Front Loading

I’ve been discussing on Oval Office 2000 quite a bit about states making their Presidential primaries earlier and earlier. I can imagine that the result of all of this state-level front-loading would produce three things, all of which sound good, at least in theory, from a policy perspective, although I’m doubtful that I’ll like them in practice.

Keep in mind that with the war in Iraq being what it is, Republicans are facing the least favorable conditions for a Presidential election since 1976, if not 1932.* It is a measure of Rudy Giuliani’s charisma and the depth of Hillary Clinton’s negatives that he has a fighting chance to win despite this. But let us have no illusions — unless things change in the Persian Gulf region in some objectively obvious way, we’ll know not only who the nominees are going to be, we’ll likely know who the next President will be on February 5, 2008.

So the first practical effect of the very early primary schedule in 2008 is that the next President will have nearly a year to prepare her Administration to will hit the ground running — including giving substantial campaign aid to Democrats in marginal districts, which would leave her with a more heavily-Democratic Congress and lots of legislators in that Congress who are indebted to her, positioning her to be in a very strong position to govern from the get-go. Whether the Second Clinton Administration is able to fly where the Second Bush Administration stumbled will be up to the Second President Clinton. (Not saying I’d like where she flies us to, by the way, only that she would have all the tools necessary to get Congress solidly behind her.)

Second, the whole thing will wind up looking really ridiculous. Particularly for the losing party (likely the Republicans) there will loud calls for national reform of the nomination process from start to finish. I would welcome the prospect of a national primary, or at minimum a series of regional primaries, spaced out over a reasonable length of time and beginning sufficiently late in the political process so that the nominee has a chance to tailor a campaign message for the issues of the day. (As it is, the nominees have to guess, right now, what will be the significant political issues of the day a year from now so that they can attract general election votes.)

Finally, particularly if the Republicans lose, they will have to undergo a substantial process of evaluating what the party is really all about. Social conservatives will blame the economics and military crowd for nominating Giuliani and abandoning the “core principles” of the party; in response the guns-and-butter crowds will tell the social types to stop looking so sanctimonious and hypocritical and alienating three-fourths of American voters. That’s a debate that needs to be had and resolved. If the Republican party is to have a viable future, it needs to be resolved without a schism. (By the way, I haven’t a clue what the Democrats are all about these days, as a whole, other than being “not Republicans”.) The result of the debate should be a renewed commitment to whatever the party is going to be all about.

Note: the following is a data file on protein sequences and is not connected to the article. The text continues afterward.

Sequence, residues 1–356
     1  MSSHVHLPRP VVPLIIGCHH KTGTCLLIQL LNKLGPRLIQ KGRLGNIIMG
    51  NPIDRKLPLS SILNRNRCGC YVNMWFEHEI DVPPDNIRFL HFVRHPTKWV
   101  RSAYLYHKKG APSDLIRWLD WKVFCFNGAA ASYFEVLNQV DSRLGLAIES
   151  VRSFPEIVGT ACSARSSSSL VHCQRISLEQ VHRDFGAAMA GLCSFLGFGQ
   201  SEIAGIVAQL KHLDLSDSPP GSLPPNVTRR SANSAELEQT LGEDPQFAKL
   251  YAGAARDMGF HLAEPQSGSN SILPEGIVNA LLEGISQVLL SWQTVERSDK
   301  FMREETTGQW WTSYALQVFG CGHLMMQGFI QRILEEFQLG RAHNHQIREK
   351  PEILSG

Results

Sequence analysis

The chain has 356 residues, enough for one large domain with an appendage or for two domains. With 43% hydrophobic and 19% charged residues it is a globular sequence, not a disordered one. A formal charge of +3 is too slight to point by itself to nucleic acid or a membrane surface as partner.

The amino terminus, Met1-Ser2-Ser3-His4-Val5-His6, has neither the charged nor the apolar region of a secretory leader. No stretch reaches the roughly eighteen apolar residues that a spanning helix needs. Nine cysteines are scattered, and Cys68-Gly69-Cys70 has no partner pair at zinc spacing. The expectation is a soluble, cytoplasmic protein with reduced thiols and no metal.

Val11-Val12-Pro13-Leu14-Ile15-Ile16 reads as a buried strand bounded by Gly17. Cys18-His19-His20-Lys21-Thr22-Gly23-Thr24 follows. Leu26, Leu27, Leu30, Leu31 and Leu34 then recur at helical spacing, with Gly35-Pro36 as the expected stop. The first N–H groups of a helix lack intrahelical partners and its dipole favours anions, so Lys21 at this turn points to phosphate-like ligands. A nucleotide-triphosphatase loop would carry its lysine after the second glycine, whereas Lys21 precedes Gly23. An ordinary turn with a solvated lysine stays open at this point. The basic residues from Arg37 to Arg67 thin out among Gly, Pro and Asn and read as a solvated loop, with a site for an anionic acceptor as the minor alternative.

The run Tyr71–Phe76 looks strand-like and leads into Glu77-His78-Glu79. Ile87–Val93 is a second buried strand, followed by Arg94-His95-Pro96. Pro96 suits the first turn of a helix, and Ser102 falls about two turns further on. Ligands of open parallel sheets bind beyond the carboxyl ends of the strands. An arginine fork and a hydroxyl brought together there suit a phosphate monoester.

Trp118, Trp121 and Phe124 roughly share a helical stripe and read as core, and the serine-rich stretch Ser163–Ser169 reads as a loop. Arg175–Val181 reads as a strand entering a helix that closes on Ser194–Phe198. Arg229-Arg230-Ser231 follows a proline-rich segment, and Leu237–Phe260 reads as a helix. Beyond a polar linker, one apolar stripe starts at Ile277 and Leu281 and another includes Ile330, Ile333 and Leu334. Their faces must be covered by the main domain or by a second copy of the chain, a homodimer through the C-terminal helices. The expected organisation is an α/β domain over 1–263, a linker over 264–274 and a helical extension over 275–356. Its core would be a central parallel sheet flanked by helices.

The general election is still fourteen months away. A lot can happen between now and then. While the current conditions favor Democrats, the idea of the Republicans winning the general election is not only not laughable, but achievable with the right nominee, the right platform, some good news between now and next November, and a smart and aggressive political campaign. What’s interesting is how this election, very differently from the several others that have preceded it, is starting to change the lines of the political battlefield in ways that will change the way national politics is done in the future.

* Money quote from the WaPo: “It’s always darkest right before you get clobbered over the head with a pipe wrench. But then it actually does get darker.”

Burt Likko

Pseudonymous Portlander. Homebrewer. Atheist. Recovering litigator. Recovering Republican. Recovering Catholic. Recovering divorcé. Recovering Former Editor-in-Chief of Ordinary Times. House Likko's Words: Scite Verum. Colite Iusticia. Vivere Con Gaudium.

One Comment

  1. Republicans are facing the least favorable conditions for a Presidential election since 1976, if not 1932. Sorry I can’t find the ’76 and ’32 references in the W Post link. Has it changed?

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